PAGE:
Performances by Adele, Shirley Bassey and more were off the hook.

The music of the Oscars: Classics and modern hits

Yes, the 85th Annual Academy Awards went on for what seemed like forever, but along the way, the show featured some of the best musical Oscar performances in recent memory. From the sultry tones of Adele to the stunning high notes from Jennifer Hudson, this year's Academy Awards definitely entertained, at least musically speaking.

Several performances stood out for me. Adele's first-ever live performance of the song "Skyfall," from the 23rd James Bond film of the same name, was sublime. Somehow she makes every incredible note seem effortless, and that 15-piece orchestra really added to the layered beauty of the song. Not surprisingly, Adele went on to win the Best Song Academy Award (along with "Skyfall" co-writer Paul Epworth). To see Adele's performance (and several others mentioned here), you can visit the official Oscars' website's videos section.

FYI: "Skyfall" is the first James Bond song to ever win the Oscar for Best Song. Considering the 50-year history of the franchise, and all the marvelous Bond theme songs since, that's pretty astounding. Another trivia tidbit for you: This Oscar is the first for a James Bond film since Thunderball, starring Sean Connery as James Bond, won a Best Special Visual Effects golden statue in 1966. I'm so full of useless information after watching hours and hours of Hollywood glitz, I can't stand myself.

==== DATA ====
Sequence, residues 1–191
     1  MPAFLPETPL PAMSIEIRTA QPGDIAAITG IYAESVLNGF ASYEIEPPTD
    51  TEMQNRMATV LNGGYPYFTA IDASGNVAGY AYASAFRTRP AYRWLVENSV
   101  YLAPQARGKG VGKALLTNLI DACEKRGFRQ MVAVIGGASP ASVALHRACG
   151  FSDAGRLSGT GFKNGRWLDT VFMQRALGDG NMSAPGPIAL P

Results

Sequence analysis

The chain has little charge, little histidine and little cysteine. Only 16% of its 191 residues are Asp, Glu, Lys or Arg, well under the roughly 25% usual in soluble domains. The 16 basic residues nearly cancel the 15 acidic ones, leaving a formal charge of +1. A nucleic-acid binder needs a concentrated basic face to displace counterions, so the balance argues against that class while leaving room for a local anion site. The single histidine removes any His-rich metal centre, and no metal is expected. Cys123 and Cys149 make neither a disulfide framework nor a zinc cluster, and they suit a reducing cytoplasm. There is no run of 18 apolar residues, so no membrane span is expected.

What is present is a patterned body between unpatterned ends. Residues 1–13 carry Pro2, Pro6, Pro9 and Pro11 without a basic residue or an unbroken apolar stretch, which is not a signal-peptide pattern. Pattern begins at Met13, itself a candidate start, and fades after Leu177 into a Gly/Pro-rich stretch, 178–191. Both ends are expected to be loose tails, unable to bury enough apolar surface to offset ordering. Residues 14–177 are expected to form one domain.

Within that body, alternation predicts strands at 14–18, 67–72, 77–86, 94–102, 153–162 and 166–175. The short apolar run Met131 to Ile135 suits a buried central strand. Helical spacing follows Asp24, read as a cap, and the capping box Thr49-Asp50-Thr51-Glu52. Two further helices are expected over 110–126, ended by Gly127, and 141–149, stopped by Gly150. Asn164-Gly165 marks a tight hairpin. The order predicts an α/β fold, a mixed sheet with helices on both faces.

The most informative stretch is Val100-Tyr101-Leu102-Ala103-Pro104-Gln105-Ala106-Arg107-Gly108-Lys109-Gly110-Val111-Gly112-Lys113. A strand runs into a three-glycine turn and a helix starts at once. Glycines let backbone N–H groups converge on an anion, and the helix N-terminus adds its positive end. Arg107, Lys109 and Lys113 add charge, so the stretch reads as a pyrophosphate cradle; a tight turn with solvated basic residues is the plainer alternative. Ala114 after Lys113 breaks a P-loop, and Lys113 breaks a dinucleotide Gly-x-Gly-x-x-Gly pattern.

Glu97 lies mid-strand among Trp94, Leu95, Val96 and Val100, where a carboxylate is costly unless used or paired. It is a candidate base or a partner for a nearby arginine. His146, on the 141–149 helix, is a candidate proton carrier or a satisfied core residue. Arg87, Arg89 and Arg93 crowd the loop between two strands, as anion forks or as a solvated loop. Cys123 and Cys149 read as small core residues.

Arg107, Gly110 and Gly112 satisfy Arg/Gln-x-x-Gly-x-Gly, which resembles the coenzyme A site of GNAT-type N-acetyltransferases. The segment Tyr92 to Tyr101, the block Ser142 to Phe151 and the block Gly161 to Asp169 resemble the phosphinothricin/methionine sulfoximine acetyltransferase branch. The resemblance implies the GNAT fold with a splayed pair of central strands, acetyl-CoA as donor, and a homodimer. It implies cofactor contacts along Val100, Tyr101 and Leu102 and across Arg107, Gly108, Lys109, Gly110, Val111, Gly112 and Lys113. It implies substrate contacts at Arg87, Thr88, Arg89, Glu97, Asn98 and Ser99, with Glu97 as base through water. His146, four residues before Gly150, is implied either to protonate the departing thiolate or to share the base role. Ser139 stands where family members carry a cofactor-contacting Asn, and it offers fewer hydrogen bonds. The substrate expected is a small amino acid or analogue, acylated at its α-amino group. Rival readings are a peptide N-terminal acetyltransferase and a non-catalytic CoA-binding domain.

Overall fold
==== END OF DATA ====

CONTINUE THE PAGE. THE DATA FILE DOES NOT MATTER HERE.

Back to the awesome musical performances: I'd definitely say Jennifer Hudson's "And I Am Telling You I'm Not Going" performance was outstanding. In case we'd forgotten, Hudson reminded all of us why she deserved that Best Supporting Actress Academy Award for her role as Effie in 2006's Dreamgirls.

A huge round of applause goes to Dame Shirley Bassey, who, at 76 years young, belted out an unforgettable version of "Goldfinger" from 1964's James Bond film of the same name - the third in what would become one of the most successful film franchises in movie history.

And yes, I'm getting to Barbra Streisand. The legend appeared on stage during the Memoriam tribute to entertainment icons we lost in 2012, including Marvin Hamlisch. Hamlisch composed the song Streisand chose, "The Way We Were." In fact, that song won the Academy Award for Best Original Song in 1974. The Way We Were remains one of my all-time favorite tear jerking movies, and hearing Streisand belt it out again in that impressive voice was a huge musical highlight of this year's Oscars.

I also really enjoyed the full cast performance from Les Miserables. As a die-hard Les Mis fan, I was enthralled watching each and every cast member perform (yeah even Russell Crowe, bless his non-singing heart).

There was one notable low for me music-wise: Catherine Zeta-Jones' performance of "Cell Block Tango" from Chicago. She looked amazing, but I wondered whether she was lip synching. I really noticed it toward the end of the song. At the time I thought maybe I was just tired and not paying attention, but I'm not the only one who noticed, apparently. Did she, in fact, lip synch? I'd like to think she didn't, but I'm still questioning it.